A rainy Friday, and we set off on a long-planned trip to Ely by train. The previous evening we had been to see Benedict Cumberbatch in "Hamlet"; a truly gripping, naturalistic performance. Somehow it felt right to maintain the momentum, instead of snuggling down indoors.
Visually, Ely is a delight, the cathedral surrounded by a park and many ancient buildings, some obviously occupied by the King's School. We were a little taken aback to hear three uniformed schoolboys conversing in fluent Russian, before we realised that it must be their native language.
My husband took a ticket for the tour of the West Tower, lasting the best part of an hour. The cathedral is a very ancient building: the other tower collapsed in the 1300s and was replaced by the Octagon, visible in this photo.
Ely, at the time, was an island. The huge timbers used in the structure were floated here from Bedford.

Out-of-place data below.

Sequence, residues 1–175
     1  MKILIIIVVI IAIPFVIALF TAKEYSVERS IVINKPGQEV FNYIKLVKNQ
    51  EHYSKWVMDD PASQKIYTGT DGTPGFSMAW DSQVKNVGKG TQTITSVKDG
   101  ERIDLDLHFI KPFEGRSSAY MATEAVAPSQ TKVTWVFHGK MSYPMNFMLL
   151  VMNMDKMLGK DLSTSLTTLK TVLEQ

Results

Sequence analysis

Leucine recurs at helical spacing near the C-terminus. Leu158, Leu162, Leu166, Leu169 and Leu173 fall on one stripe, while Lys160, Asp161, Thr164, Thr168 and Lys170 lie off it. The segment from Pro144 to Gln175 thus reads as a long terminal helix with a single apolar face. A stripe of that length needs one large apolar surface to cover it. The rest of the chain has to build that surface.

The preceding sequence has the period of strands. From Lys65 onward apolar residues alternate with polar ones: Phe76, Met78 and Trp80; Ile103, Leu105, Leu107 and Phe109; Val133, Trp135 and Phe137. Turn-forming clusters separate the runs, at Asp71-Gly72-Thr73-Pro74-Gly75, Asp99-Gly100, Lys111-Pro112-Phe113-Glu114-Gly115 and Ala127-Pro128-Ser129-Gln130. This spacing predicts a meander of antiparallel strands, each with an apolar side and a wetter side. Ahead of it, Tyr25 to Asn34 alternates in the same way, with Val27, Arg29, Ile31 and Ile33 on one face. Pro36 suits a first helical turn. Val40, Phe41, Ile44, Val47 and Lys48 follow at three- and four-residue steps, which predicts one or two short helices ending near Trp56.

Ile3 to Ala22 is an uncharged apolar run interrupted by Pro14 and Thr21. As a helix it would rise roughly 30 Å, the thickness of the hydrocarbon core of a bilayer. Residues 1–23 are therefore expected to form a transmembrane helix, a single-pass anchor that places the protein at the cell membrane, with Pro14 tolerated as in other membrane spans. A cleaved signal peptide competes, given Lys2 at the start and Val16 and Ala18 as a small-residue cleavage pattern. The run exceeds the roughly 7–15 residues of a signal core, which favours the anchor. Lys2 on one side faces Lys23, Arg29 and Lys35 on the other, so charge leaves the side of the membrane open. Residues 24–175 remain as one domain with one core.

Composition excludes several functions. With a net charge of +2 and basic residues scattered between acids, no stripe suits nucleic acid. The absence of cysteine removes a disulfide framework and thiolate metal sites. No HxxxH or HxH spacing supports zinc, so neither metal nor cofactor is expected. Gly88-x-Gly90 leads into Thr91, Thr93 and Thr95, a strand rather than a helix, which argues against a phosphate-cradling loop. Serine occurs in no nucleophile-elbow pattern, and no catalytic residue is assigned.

After exploring the cathedral, I visited - where else? - the yarn shop. The address for this was in the Market Square, but it was a shock to see that a block of 60's retail premises filled what might have been an old market space.
We went up stairs in the cathedral to the Stained Glass Museum, which was a delight. So unusual to be able to examine stained glass close to.
Some of the pieces are from redundant churches and some from secular buildings.
A memorial plaque in the cathedral. I wonder why this Christian name never caught on?
One strange thing: on the hour, an amplified voice rang out, encouraging all visitors to engage in prayer, or at least a moment's stillness. We visit cathedrals regularly; this was a first. It apparently costs £6000 per day to maintain the cathedral at Ely, so we didn't mind paying an entrance fee. But that is a different matter to being exhorted to pray.
We finished by looking into the Lady Chapel, a large and airy structure, much knocked about in the Reformation. Once it must have been a multi-coloured marvel; now, it has the fragility and texture of old lace.
We walked down through the Jubilee Gardens to the river and back to the station. Everywhere, there are art works picking up the references to eels.